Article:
When a video was released showing Donald Trump boasting about how he liked to kiss and grab women, many believed his run for the White House was over. Instead, he defeated Hillary Clinton and has gone on to govern the US, cocky and unrepentant.
In parallel, the #MeToo movement emerged. It continues to call out – and cut down – powerful men who have bullied, harassed and assaulted women (and young men, too). In another sign that old gender rules are shifting, homophobia also appears to be in retreat throughout the West.
Traditional masculinity is evolving, says Monash sociologist Steven Roberts. He argues that this is particularly apparent if you direct your gaze away from the top of the power pyramid, to the place where young working-class men live and work.
In his book Young Working-Class Men in Transition, Dr Roberts interviews young men in the UK who are employed in what was traditionally considered women’s work – service jobs in the hospitality and retail sector.
He found these men were more likely than their middle-class counterparts to share domestic chores with their partners – for the practical reason that working-class families need two incomes to survive and cannot afford to hire domestic help.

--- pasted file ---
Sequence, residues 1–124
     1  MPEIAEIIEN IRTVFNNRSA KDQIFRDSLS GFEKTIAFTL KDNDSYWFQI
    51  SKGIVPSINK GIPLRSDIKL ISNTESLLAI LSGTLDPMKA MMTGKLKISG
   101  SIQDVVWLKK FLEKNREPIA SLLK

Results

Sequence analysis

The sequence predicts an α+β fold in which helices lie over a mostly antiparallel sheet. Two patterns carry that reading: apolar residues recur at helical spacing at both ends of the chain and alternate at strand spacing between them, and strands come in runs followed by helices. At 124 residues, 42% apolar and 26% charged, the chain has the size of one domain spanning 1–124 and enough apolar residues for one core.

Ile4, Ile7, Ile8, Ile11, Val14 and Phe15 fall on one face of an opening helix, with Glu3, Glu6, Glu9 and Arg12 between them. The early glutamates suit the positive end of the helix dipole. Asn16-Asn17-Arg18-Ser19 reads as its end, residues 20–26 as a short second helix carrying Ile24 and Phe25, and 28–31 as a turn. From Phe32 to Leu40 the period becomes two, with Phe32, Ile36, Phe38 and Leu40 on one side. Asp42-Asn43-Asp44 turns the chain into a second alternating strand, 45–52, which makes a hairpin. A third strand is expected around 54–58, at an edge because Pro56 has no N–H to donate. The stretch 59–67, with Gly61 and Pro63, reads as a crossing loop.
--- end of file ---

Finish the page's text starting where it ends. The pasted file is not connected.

“My book recounts these amazing, detailed, emotionally driven accounts of people’s lives,” Dr Roberts says.
“The literature tells us that working-class men don’t emote, because they are so stoic and hard. They would never tell you anything that really matters. But people are talking about the death of children, their happiness with the homo-social bonds they have – telling their mates that they love them ... this kind of thing is happening.”
He recognises that these green shoots are sprouting at a time when “masculinity is at a crossroads”.
“We also have all this other stuff that is happening with toxic masculinity, and the alt-right, and incels [involuntarily celibate men who are angry at women],” he says.
The contradictions in the contemporary landscape are a sign that gender roles are in flux, he says, and can also mean that positive changes are under-recognised.
For instance, some academics argue that working-class masculinity is responsible for an array of social problems, he says.